By Michael Clifton
Jenni Kivioja knows about pressure. Whether it is the pressure to perform, keep up with her studies, or stay on top of her work schedule, the Finnish fighter — who also has a 13-year-old son — understands the importance of dealing with pressure and creating balance in her life.
It is no easy feat when juggling so many plates. However, the 33-year-old, who is in the final stages of preparation for the IMMAF European Championships, has proven herself to be an expert in the art of time management.
“The biggest challenge is to find time for my training. It’s hard to balance between all my schedules. Three years ago, I quit my job and started studying to have more time for training. Now I’m back at work [in youth services], but I’m able to determine my shifts, ” Kivioja says. “There are many parts of my week that I need to schedule. It is hard, but I don’t want to miss anything. I want to live to the fullest.”
Kivioja burst onto the international scene in 2018 when she captured silver in the featherweight division at the IMMAF World Championships and picked up the Green Hill Performance of the Year award following her spectacular knockout of Sweden’s Jessica Forslund Reis at the European Open.
Since then, she has become one of her country’s most decorated amateur fighters, with her most recent international outing seeing her collect silver at the 2020 IMMAF Oceania Championships. What makes her achievements more impressive is that, at age 25, she began training in MMA later than most of her competitors and without a background in martial arts.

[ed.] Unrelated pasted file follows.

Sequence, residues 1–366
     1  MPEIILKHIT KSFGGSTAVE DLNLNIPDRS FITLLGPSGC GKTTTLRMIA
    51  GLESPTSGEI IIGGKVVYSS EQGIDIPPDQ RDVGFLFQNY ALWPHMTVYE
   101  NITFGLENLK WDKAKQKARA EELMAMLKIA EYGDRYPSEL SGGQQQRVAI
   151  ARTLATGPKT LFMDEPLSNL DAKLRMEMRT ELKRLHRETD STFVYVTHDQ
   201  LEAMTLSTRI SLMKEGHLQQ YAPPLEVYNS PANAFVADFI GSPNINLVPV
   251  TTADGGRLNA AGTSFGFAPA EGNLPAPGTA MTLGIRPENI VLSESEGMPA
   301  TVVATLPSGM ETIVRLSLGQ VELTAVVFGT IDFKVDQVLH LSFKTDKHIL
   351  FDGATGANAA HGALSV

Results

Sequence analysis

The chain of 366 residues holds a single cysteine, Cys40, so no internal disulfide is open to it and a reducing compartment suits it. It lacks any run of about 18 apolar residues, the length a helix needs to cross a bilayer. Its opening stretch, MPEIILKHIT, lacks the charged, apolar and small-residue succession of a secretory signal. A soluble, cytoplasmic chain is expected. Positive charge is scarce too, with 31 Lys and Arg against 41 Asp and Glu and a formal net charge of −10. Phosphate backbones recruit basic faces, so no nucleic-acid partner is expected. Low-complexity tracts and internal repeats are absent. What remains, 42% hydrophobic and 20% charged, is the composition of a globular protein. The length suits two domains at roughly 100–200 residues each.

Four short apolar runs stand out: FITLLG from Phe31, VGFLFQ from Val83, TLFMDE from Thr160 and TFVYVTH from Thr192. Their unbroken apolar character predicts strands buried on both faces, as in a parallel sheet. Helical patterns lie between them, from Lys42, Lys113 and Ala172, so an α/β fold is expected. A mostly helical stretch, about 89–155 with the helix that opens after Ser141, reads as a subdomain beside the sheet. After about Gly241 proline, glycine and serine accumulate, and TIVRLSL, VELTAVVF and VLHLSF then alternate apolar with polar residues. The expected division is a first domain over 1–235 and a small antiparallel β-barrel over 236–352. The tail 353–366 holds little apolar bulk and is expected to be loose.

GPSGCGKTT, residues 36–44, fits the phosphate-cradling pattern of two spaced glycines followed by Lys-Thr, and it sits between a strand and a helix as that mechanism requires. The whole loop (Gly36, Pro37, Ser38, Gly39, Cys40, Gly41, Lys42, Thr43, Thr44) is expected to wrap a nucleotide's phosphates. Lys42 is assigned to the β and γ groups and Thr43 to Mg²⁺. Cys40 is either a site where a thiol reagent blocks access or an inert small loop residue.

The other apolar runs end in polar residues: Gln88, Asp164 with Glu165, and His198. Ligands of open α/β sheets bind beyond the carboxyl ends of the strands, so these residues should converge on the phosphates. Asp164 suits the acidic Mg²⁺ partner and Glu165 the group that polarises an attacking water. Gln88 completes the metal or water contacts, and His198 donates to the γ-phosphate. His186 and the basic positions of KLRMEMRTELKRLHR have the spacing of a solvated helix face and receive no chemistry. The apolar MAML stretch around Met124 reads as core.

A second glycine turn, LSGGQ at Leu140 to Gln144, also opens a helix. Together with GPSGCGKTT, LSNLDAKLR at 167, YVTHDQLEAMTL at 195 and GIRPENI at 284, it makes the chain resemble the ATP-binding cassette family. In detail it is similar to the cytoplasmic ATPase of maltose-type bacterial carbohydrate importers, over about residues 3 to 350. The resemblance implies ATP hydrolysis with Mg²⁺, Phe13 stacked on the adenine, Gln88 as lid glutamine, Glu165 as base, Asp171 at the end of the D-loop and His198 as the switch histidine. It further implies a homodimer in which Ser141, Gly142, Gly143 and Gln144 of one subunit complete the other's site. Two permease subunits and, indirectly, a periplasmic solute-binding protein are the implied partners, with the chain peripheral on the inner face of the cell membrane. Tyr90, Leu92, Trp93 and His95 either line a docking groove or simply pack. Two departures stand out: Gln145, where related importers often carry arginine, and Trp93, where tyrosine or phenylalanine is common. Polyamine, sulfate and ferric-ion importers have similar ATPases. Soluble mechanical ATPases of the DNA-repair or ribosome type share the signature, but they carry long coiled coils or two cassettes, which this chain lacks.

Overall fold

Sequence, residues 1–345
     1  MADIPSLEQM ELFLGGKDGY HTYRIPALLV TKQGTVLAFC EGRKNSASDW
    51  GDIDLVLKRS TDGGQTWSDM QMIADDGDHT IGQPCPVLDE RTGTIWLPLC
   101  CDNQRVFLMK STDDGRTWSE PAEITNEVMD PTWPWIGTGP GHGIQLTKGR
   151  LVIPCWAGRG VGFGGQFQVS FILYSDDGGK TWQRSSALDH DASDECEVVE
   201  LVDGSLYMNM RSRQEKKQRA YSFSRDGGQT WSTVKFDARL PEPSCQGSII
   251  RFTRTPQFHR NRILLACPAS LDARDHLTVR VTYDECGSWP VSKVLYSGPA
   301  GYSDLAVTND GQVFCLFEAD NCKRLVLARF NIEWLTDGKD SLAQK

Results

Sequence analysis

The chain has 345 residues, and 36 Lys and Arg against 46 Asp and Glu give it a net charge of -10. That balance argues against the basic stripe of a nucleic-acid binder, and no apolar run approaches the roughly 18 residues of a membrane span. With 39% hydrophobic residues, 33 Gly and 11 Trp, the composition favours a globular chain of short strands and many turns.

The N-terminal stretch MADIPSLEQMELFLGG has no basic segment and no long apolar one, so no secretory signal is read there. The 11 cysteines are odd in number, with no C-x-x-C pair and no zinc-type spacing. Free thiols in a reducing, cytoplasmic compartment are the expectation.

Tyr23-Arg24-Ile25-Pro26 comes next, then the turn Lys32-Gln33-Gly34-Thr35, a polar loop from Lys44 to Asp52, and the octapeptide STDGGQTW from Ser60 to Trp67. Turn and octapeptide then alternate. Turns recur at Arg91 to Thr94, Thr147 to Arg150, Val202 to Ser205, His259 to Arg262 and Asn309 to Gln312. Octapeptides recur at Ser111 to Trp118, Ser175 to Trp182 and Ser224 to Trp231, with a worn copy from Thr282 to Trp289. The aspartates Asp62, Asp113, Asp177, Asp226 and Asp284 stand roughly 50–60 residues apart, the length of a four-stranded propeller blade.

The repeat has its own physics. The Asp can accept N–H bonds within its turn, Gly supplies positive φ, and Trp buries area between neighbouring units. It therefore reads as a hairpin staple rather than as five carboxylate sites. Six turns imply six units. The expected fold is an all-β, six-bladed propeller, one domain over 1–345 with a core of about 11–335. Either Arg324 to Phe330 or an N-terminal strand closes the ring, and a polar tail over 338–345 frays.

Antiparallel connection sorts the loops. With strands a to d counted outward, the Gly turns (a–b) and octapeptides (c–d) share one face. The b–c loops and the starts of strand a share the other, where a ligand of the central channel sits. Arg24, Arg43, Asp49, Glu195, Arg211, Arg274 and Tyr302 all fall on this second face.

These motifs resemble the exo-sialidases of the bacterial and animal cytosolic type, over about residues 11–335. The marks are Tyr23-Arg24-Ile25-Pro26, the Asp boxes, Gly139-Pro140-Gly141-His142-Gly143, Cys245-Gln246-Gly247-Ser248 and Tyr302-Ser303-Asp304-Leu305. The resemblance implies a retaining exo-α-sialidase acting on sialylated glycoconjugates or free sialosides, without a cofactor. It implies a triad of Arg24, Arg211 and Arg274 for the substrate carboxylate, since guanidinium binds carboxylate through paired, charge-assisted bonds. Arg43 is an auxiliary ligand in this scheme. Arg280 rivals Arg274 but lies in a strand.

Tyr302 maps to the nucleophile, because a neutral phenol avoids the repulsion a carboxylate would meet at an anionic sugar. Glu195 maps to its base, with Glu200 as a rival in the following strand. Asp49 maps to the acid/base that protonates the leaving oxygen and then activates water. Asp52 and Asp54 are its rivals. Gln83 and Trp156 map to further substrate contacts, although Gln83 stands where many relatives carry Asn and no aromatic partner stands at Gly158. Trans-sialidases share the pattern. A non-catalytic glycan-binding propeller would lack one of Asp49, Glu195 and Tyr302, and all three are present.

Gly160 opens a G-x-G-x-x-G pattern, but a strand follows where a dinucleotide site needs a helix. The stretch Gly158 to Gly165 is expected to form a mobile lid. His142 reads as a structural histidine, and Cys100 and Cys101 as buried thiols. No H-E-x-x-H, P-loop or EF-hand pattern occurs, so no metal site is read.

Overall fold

“I was competing as a dancer just before I started MMA, and I had a back injury, so I fell off from the team. We were supposed to go to the Finnish championships. I quit dancing for half a year, and then I saw a beginners class in MMA, and I was like, now is the time to try that, and here we are. Straight away, I liked MMA so much, so I started doing MMA. Of course, I love dancing, and I would love to do that when I get older, and I can’t compete in MMA, but now it’s time for MMA.”
When she began training in MMA, the thought that she could one day represent Finland never crossed Kivioja’s mind. Yet, the more hours she spent on the mats, the better she became, and eventually, she reached a stage in her career where it came time to progress from domestic to international competition.
“I knew that I would compete in Finland but never thought I would go abroad for international competitions, so it was a surprise, and of course, I was 25 when I started MMA, which is quite old. So I did not expect that,” she says. “If I can describe all my IMMAF fights, I have loved them. I am always very peaceful when I am entering the cage, and I feel happy and privileged. It is one of my favorite things.”
Kivioja is in the final year of a Bachelor of Sports degree, and after her MMA career comes to an end, she aims to help the next generation of Finnish athletes harness their talents: “I would love to coach younger girls and boys, and motivate athletes after my career has ended.”
The following months will be a whirlwind for Kivioja. Alongside the European Championships, there is the possibility of her competing too at the IMMAF World Championships in November in Kazakhstan. She will also finish her degree in December. Thankfully, she has a strong network of friends and teammates helping her out.
“I feel supported in many ways. We have a shared training schedule with our Sisu team. It helps a lot to have training partners. We also arrange sparring and workouts together with local fighters in Lahti. My boss is very flexible with my work shifts, so I’m able to train as hard as isneeded. “
Kivioja has given a lot to MMA, but when discussing what MMA means to her, it is apparent that she has also gained a lot from the sport.
“MMA has made me mentally and physically stronger, so it has positive effects in every area of my life. I feel confident and peaceful in my mind. MMA has taught me to be compassionate to myself. There’s no negative self-talk, and I respect myself more.”
- In December, she will graduate with a Bachelor of Sports
- She fights under the Sisu Gym banner and her trainer Sami Mehamedi, is also Team Finland’s head coach.
- Kivioja is the highest-ranked Finn in IMMAF’s senior pound-for-pound list.